London August 20 1800
My Dear Madam
I take the liberty of addressing a few lines to you, knowing from the Friendship with which you have honord my self, and Family; that it will not be thought an intrusion by you, and I take leave Madam to assure you that it ever makes me happy to hear of your health, and of the welfare of your self, and Family, and that this Circle in George street are much intrested at this time, for Mr: Adams’ success in the ensueing Election for President of the United States, our good wishes for the prosperity of America cannot cease, at this time it has an additional attraction: we being called to commit to its protection a Friend mot Dear to us—I intended this Letter to have gone with my Daughter, but my Feelings where too Much disturbed at that time—
and I now Madam take the liberty to recommend her to your kind notice, it alleviates my feelings when I reflect that She will meet with. Many Valuable Friends from whom She will receive attention, and Who will make her native country pleasant to her, and for whom I have the strongest reasons to retain the greatest esteem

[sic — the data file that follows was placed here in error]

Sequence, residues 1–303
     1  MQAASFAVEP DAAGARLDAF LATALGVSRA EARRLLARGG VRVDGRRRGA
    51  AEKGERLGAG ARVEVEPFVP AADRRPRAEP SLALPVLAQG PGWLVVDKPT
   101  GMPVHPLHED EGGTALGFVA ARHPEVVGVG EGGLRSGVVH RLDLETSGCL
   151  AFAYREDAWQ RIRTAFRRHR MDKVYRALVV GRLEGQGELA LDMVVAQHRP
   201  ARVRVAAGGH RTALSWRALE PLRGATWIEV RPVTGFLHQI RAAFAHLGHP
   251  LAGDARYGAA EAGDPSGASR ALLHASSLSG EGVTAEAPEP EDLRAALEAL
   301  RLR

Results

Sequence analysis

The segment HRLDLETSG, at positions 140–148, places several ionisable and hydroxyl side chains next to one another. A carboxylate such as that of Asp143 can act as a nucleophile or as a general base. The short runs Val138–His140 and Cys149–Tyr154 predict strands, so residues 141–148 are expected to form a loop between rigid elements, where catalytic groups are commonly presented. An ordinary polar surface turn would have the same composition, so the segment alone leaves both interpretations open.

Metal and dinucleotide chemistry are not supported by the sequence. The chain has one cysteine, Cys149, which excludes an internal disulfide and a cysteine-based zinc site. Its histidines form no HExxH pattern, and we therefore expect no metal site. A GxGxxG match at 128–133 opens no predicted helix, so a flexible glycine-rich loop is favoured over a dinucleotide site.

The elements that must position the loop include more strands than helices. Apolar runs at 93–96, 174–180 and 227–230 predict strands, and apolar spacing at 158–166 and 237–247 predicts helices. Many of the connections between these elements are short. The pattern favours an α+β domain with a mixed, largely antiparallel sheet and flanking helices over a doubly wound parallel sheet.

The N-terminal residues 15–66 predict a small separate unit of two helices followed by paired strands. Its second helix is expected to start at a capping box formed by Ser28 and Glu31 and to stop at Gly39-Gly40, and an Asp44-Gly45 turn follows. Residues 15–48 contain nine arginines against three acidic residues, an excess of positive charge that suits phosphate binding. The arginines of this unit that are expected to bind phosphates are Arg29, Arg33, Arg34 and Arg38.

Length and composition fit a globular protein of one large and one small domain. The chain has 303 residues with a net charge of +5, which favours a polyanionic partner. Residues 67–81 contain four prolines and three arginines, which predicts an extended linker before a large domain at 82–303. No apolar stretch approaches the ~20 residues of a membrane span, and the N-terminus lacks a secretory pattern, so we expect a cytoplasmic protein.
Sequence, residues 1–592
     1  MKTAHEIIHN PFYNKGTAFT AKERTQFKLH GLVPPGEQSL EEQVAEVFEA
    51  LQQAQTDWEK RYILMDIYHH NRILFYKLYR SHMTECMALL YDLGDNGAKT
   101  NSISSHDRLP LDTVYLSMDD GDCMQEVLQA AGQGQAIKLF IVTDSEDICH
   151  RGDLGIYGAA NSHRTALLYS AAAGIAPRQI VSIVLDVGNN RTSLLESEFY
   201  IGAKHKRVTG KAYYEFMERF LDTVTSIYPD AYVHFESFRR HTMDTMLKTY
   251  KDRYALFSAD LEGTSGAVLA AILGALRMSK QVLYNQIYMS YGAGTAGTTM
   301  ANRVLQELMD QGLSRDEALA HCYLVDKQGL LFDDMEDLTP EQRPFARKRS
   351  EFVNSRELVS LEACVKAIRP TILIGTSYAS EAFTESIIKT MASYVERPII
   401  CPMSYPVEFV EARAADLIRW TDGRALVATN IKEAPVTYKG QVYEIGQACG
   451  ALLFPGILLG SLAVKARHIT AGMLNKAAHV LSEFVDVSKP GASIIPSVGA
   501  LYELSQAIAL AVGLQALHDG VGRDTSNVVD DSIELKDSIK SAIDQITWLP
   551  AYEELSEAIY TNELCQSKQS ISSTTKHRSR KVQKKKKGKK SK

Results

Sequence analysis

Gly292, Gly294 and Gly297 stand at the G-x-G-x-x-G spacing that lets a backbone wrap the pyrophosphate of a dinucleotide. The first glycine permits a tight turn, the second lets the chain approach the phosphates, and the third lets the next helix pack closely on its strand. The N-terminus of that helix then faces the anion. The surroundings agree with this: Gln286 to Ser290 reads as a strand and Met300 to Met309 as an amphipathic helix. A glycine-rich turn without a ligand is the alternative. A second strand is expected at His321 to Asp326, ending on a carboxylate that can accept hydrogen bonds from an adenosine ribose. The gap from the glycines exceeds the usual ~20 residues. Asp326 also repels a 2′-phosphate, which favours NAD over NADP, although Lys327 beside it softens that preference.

It would give me much pleasure to hear from you when you may be at leasure; when Mr: John Adams was in London he flatterd me with this hope, but am sensible that your time is very importantly occupied, and will not intrude farther than to assure you Madam, that my best wishes for the health and happiness of your self, and Family attend you—
and that I am with the highest / Sentiments of esteem, and respect / Your Most Obedient Hume. Sernt:
MHi: Adams Papers.